It was interesting to me as I was reading one of the South African weeklies last week; to read the story about Nelson Mandela and the two women who it is claimed are his as yet unacknowledged children. According to the information given, the Nelson Mandela Foundation has already verified that one of the women, who has just recently passed away, was indeed Mandela’s daughter and the other woman’s claim is still being investigated. This whole story reminded me of the furore over President Jacob Zuma fathering a child out of wedlock, which broke a while back and I found myself comparing our beloved Saint Nelson with our incumbent president and seeing no real difference. I know this will shock a lot of people since there seems to be this unspoken rule that Saint Nelson should be treated as some sort of deity whilst the likes of Zuma and his contemporaries are nothing but trouble and should be treated with utmost disdain and suspicion as they symbolize everything that is wrong with South Africa whilst Saint Nelson epitomizes all that we aspire to be as a nation. The truth of the matter is that both men fathered children, with different women out of wedlock (you could argue that Mandela’s case is different since he was younger when he fathered these children, but the effect is still the same). Both stories broke out in the media and it has been interesting for me to observe the varying responses of the media and society to these stories. Of course President Zuma, being the evil, irresponsible guy (at least that’s how the media often portrays him) was vilified whilst there has been a hush about the Mandela story and the plight of the two women who are supposedly his long lost children. The whole saga got me thinking about the concept of “heroes” and the role they play in the make-up of society and in the promotion and advancement of the aspirations and ideals of “the people.” I got to thinking about this because the Mandela story made me realise that as saintly as many people think Mandela is, he is no different from the average South African male who has sired children out of wedlock and is notorious for his womanizing ways. In other words our leaders and our “heroes” are nothing but a reflection of what we already are as a people; they reflect back to us what we truly are. I then began to ask myself some key questions: why do we place so much trust in “heroic” individuals to deliver us and take us forward? Why are we always looking towards some “great figure” to take us towards our Promised Land? It then dawned on me that part of the problem with Africa is that we have placed too much confidence in these “heroes” and figureheads and to a large extent this has kept us from taking charge of our own lives and our own destinies and has left us completely disempowered as a result. Africa is full of great “heroes” who have been acclaimed as the “saviours” of their own nations, but is short of great citizens who take charge of their own lives and do not look to someone external to help them live out their dreams and aspirations. If Africa is going to become a fully functional, prosperous continent, this “hero-worship” has to be forsaken and instead we need to focus on building societies made up of empowered citizens who have the capacity within themselves to make their dreams come true. This reliance or dependence on “great heroes” of course then translates into an over-dependence on political parties and politicians to bring about the necessary changes that will help citizens to attain their goals and fulfil their aspirations. Of course this is not a uniquely African phenomenon. The euphoric election of Barack Obama to the position of American president had clear elements of this “hero-worship” as Obama was treated like some kind of messianic figure who would radically transform Washington, clean-up government and ensure a better deal for the average American. This was a hugely unfair and unrealistic expectation which no man could ever have lived up to (and Obama hasn’t). The Chinese had Mao Tse-Tung and Deng Xiaoping, the Cubans had “El Jefe Maximo” Fidel Castro, the Turks had Mustafa Kemal Ataturk and the list goes on and on for different parts of the world. It seems as if there is an innate human desire for creating heroes and messiahs who will “take us out of our plight” but as Albert Camus put it, “every revolutionary ends up either by becoming an oppressor or a heretic” or in the words of Ralph Waldo Emerson. “Every hero becomes a bore at last.” Africa is full of tales of great “heroes” who became heretics, oppressors and complete bores once they had tasted the fruits of power and the benefits of controlling access to resources and opportunities. One of the biggest stumbling blocks to progress in Africa has been this over-reliance on these “heroes” and “father-figures” to lead us to that Promised Land of prosperity and progress that we all yearn for and if we are going to see a change in Africa’s fortunes in the twenty first century, this is one of the tendencies that we are going to have to let go off. According to the author James Davison Hunter in his book, To Change the World, “most of us are inclined to what has been called the Great Men (Great Person) view of history. It is a Hegelian idea of leadership and history, popularized by the nineteenth-century Scottish historian, Thomas Carlyle. In his own words, the history of the world is nothing but the biography of great men, for universal history, the history of what man has accomplished in this world, is at bottom the history of the Great Men who have worked here. They were the leaders of men, these great Ones; the modellers, patterners and in a wide sense creators, of whatsoever the general mass of men contrived to do or to attain; all things that we see standing accomplished in the world are properly the outer material result, the practical realisation and embodiment, of thoughts that dwelt in the Great men sent into the world.” Whilst it could be argued that there are elements of truth in the above statement, the problem with that particular view is that it disempowers society, it leaves the quest for progress and development in the hands of a few people, it leaves the majority on the periphery. It breeds populations and citizens who are over-dependent on politicians and the state for meeting of their immediate needs and desires. It leads to inaction and lack of initiative and dynamism amongst the populace. It is my conviction that Africa needs great, ordinary citizens much more than it needs Great Men. The Greek philosopher Plato put it well when he said that, “this city (state) is what it is because our citizens are what they are.” Africa’s failings so far are more a failing of citizenship than a failing of leadership. It is the average, ordinary citizen’s over-reliance on some mythical, heroic political figures that has allowed elites to plunder resources and live opulently whilst the common man on the streets is battling to make ends meet. In order to ensure progress and change in Africa we need to focus on producing great citizens instead of focussing on producing great leaders and great figureheads, because ultimately the leadership will only be a reflection of the society from whence it hails. To paraphrase the words of the American poet Walt Whitman, “produce great citizens, the rest will follow.” Mandela or Zuma, Tsvangirai or Mugabe, Kaunda or Chiluba, Mobutu or Kabila, Bush or Obama, Thatcher or Blair: it is all the same. Frail human beings upon whom too much trust has been placed, “political messiahs” who are bound to fail us as they are in many ways no different to us. It is time we took back power from our “heroes” and we vested it in ourselves so we can do something about our current plight instead of waiting for someone, some party, some organisation to make things better for us. It is time we moved from a focus on “people of power” to a genuine focus on “the power of the people” as highlighted by Luthando Tofu.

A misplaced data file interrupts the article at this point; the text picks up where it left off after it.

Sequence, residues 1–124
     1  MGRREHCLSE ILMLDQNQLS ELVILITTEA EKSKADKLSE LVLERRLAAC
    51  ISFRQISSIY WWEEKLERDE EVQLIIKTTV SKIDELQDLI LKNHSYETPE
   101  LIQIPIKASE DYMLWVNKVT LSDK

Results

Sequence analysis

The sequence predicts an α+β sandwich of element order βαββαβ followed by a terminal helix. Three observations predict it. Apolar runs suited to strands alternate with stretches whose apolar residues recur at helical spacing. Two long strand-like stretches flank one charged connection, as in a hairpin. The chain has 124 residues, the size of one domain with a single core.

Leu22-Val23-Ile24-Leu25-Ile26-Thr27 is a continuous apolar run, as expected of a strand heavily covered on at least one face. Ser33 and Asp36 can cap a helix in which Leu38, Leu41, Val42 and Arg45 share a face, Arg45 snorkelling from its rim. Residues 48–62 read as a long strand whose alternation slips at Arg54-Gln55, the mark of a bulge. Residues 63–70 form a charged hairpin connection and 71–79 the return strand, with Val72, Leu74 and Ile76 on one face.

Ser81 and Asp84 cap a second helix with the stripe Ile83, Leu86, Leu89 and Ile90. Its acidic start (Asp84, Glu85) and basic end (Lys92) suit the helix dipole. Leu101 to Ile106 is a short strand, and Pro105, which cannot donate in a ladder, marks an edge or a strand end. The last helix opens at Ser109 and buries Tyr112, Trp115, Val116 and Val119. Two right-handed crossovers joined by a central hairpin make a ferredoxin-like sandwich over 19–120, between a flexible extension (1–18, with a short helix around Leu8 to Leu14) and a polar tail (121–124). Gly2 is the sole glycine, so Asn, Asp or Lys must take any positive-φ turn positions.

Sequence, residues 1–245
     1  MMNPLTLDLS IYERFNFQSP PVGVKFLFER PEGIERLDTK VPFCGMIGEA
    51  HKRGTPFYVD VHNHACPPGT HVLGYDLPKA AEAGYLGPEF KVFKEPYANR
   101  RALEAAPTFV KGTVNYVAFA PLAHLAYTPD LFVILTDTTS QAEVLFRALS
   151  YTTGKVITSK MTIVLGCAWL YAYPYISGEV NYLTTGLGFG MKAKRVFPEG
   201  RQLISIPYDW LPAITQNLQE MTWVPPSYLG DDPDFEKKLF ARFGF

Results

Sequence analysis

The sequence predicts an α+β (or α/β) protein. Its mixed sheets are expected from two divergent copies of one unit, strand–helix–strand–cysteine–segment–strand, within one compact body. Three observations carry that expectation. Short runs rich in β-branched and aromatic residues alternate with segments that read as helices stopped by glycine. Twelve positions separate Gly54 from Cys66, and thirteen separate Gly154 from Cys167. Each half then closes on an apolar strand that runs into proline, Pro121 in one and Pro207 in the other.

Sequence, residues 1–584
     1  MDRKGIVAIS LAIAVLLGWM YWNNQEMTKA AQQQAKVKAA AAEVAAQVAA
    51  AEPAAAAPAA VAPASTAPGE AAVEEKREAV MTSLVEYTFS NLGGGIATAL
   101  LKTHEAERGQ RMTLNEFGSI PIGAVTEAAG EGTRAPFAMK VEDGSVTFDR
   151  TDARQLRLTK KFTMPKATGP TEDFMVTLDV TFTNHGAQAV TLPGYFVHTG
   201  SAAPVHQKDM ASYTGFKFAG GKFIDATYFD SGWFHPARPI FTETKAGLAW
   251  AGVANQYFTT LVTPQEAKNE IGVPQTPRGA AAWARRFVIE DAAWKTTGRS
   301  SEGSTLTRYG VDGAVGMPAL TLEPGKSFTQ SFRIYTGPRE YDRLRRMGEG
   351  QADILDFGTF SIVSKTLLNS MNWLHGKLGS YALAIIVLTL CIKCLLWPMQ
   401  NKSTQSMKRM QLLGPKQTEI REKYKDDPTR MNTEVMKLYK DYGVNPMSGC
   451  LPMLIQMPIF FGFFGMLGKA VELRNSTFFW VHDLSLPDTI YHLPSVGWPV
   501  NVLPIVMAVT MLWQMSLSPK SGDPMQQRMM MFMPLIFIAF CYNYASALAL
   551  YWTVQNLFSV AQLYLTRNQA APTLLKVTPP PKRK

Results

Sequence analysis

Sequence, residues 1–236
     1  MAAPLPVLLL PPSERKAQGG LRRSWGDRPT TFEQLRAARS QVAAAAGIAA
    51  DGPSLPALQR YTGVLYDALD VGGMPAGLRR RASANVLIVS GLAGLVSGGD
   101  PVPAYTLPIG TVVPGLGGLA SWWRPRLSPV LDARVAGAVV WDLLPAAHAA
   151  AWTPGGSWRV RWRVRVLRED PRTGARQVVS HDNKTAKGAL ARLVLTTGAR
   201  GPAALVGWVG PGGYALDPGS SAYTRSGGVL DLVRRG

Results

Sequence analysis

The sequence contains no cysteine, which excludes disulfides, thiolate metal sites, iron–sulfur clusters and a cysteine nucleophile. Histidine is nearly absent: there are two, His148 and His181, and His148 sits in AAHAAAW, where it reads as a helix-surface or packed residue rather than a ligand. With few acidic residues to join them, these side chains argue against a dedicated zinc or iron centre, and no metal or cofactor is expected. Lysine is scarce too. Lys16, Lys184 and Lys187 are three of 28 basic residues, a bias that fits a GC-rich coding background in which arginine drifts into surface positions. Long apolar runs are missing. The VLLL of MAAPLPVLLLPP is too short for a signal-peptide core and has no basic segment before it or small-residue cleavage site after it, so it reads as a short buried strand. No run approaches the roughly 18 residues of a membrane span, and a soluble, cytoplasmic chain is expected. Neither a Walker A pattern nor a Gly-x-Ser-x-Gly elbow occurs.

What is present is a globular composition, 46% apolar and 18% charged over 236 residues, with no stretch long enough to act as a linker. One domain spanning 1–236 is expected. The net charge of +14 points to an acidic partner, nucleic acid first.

- After the ANC Defeats Media Freedom, Then What?
- Evolution: Theory not Fact